Luke Lawal Jr.

Millennial Myths, I Can’t Stand

Seventy-five percent of Millennials want a mentor. Not just any mentor, but those who are older, wiser and can teach us a thing or two about overcoming challenges. Believe it or not, we are interested in absorbing the wisdom of previous generations–the tricks of the trade we can’t get from Google. We want to learn the keys to success in terms of financial stability, longevity in marriage, quality of life, etc. Coincidentally, that knowledge and wisdom is found in the personal experiences of baby boomers. Who better to ask than those who have preceded us, those who have been there and done that? In seeking guidance though, we are often times heavily criticized which can discourage us from asking questions and seeking help. What drives Millennials crazy is when Baby Boomers aren’t willing to change and learn alongside of us. This problem has brewed a long list of myths commonly used by Baby Boomers to describe millennials; none of which are true.

Millennials are lazy.

Let’s kill this noise now and start of by saying Millennials are no where near lazy. We are more hungry, more well-educated and technology savvy than any generation in history.   According to a recent study by Alamo Rent a Car, more than one-third of Millennials reported working every day of their vacations. Millennials are knocking at the door of people (Baby Boomers and Generation X) sitting in comfy positions in every industry and that’s where the negativity comes from—a real place of insecurity. By 2020 millennials are estimated 46% of all U.S. workers which explains the nervousness by our elders.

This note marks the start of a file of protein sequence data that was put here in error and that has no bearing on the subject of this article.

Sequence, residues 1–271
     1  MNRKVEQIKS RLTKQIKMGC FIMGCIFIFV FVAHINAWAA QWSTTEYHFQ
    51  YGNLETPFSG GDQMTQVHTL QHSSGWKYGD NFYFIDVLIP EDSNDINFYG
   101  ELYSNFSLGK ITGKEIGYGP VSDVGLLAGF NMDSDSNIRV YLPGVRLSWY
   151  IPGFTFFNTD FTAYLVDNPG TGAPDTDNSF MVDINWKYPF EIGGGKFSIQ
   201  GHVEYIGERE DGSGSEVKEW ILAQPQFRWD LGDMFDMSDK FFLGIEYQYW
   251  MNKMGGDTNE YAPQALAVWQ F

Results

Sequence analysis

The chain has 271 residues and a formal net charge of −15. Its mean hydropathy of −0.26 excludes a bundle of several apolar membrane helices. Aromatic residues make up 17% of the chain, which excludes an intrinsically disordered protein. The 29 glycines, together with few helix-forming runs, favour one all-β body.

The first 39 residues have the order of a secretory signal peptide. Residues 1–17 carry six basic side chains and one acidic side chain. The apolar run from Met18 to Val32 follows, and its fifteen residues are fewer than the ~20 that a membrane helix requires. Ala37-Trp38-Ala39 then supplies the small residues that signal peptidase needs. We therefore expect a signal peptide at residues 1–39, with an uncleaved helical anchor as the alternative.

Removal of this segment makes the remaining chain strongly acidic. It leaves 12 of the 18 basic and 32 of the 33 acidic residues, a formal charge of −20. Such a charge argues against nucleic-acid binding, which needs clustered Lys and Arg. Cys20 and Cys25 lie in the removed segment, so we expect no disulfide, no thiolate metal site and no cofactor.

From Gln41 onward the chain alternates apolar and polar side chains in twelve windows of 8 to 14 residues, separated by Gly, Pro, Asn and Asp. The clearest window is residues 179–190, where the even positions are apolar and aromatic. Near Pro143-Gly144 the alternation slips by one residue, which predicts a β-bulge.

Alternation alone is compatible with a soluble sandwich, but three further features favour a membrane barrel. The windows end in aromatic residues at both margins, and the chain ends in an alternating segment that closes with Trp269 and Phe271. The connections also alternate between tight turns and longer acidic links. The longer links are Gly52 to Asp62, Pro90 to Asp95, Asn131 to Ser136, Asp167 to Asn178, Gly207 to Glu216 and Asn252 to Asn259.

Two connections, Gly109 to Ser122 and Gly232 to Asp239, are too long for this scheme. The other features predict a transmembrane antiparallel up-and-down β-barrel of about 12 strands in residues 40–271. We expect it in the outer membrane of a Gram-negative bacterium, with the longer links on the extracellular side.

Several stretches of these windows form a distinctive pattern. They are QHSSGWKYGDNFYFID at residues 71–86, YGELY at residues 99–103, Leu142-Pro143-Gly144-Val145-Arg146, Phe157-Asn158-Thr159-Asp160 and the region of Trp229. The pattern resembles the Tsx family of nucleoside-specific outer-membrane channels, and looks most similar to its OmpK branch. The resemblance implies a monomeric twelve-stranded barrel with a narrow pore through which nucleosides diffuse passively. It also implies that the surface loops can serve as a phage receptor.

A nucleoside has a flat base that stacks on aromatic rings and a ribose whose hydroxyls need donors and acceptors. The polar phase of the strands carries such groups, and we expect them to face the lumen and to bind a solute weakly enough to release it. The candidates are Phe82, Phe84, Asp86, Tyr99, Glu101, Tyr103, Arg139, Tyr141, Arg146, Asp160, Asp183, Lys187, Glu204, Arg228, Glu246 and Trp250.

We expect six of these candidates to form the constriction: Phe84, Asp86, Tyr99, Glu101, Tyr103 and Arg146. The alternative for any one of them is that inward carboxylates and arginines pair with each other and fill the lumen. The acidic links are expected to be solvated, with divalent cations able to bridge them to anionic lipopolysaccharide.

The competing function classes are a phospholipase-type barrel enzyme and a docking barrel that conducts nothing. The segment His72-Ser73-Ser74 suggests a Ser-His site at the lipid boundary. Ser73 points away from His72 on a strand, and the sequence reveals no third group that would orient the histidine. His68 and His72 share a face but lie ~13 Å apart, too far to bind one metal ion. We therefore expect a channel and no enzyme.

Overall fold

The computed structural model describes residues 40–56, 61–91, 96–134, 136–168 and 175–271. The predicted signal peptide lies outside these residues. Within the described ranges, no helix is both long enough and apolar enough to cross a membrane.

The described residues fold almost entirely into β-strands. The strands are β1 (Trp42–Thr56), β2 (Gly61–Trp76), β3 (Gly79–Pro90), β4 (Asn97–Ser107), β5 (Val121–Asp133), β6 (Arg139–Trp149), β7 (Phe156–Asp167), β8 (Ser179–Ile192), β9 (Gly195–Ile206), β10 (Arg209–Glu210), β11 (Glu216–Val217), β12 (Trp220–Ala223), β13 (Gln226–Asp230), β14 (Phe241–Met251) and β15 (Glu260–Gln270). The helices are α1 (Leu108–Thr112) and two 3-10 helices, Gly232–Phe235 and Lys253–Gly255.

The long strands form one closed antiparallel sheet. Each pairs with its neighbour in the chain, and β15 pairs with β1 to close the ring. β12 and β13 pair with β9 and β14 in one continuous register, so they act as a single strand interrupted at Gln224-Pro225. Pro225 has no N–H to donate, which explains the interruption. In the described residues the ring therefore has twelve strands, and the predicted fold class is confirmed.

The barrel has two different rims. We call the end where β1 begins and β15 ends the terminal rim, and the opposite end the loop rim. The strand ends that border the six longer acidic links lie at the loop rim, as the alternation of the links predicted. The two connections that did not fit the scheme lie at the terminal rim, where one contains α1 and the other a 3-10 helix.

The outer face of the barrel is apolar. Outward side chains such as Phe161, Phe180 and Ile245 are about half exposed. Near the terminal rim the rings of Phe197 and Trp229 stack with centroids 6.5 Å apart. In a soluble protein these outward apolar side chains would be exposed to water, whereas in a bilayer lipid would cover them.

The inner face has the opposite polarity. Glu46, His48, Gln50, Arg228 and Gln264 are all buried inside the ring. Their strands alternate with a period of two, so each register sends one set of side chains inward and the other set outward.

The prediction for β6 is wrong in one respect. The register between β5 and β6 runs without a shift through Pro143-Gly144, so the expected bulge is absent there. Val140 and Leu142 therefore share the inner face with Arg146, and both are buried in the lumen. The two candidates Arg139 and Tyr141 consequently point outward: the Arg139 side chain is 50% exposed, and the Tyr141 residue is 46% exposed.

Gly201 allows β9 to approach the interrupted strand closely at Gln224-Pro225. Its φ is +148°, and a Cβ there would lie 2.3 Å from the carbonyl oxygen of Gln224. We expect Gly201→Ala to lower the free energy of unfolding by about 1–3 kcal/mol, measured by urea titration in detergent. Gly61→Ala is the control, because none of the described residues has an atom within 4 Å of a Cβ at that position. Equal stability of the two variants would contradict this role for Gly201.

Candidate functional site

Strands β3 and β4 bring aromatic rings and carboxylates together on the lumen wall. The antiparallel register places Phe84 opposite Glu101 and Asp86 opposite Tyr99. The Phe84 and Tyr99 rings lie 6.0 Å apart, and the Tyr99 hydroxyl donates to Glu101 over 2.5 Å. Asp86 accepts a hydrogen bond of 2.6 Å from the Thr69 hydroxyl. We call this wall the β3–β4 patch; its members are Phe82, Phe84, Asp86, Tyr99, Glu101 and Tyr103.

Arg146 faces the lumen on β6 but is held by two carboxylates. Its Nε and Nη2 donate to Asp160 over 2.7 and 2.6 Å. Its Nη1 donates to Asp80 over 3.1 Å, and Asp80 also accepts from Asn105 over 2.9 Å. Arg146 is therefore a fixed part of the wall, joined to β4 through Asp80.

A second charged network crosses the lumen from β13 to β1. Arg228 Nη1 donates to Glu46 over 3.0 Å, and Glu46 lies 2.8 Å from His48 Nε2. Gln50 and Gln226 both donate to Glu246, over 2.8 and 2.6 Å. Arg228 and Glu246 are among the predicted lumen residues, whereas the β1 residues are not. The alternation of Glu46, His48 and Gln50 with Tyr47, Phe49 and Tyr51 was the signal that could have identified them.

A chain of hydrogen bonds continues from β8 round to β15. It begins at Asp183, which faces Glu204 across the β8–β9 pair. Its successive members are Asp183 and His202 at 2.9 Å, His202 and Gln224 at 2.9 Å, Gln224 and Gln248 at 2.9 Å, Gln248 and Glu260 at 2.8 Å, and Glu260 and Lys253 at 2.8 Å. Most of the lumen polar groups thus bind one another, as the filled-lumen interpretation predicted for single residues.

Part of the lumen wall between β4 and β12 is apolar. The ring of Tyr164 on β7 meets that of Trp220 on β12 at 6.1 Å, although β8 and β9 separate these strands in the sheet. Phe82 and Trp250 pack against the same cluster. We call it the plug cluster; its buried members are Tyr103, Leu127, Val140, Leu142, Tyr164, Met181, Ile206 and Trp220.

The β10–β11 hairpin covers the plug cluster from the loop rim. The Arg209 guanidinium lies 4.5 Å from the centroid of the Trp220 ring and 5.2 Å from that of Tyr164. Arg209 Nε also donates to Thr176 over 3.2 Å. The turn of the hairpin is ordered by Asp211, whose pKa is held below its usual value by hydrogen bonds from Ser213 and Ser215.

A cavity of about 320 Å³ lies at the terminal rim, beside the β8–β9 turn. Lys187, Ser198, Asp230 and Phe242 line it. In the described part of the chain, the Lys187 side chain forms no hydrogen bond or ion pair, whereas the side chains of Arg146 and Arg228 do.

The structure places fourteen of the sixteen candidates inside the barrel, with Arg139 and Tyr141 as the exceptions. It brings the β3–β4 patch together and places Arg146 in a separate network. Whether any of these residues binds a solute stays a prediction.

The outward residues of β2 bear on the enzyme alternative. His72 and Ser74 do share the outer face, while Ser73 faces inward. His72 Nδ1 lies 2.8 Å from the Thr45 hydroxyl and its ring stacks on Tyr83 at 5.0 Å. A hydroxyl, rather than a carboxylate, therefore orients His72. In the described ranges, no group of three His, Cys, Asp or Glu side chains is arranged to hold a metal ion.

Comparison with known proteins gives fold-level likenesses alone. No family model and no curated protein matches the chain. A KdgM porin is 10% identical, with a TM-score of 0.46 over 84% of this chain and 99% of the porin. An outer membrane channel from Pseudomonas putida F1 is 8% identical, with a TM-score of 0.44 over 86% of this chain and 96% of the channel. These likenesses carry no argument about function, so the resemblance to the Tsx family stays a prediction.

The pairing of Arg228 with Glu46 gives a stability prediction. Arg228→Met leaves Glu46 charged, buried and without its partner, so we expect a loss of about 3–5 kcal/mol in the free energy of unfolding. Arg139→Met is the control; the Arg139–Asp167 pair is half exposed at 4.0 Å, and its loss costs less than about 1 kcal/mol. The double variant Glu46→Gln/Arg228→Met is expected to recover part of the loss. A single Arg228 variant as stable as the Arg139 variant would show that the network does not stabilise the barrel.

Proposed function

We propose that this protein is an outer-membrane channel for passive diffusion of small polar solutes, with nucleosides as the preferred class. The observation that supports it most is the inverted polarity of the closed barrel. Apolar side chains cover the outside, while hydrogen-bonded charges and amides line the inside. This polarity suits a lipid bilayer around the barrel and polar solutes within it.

Millennials need to grow up.

Who really defines what it means to “grow up” besides old folk?

Despite others’ way of thinking, Millennials may be delaying adulthood, but they don’t necessarily “need” to grow up. I would argue that being grown doesn’t always make you more valuable at the work place. Liz Wiseman, author of Rookie Smarts: Why Learning Beats Knowing in the New Game of Work, believes rookies can trump veterans in today’s workplace.

Millennials are Entitled

If Millennials are entitled, then what about Generation X?

Their has to be some entitlement in tripling the national debt since the 1980s for short term economic boosts, or benefits of the lowest energy costs in the world while refusing to price-in the external costs of carbon emissions.

According to Real Clear Politics, the economic tragedy of the Millennial generation was written before many of us had even learned to read – by Baby Boomer parents and grandparents who, at once, genuinely loved and cared for us, but have also created or perpetuated institutions, policies, and economic realities that have now hobbled us.

Generation X, Baby Boomers don’t get it. We aren’t entitled, we are frustrated.


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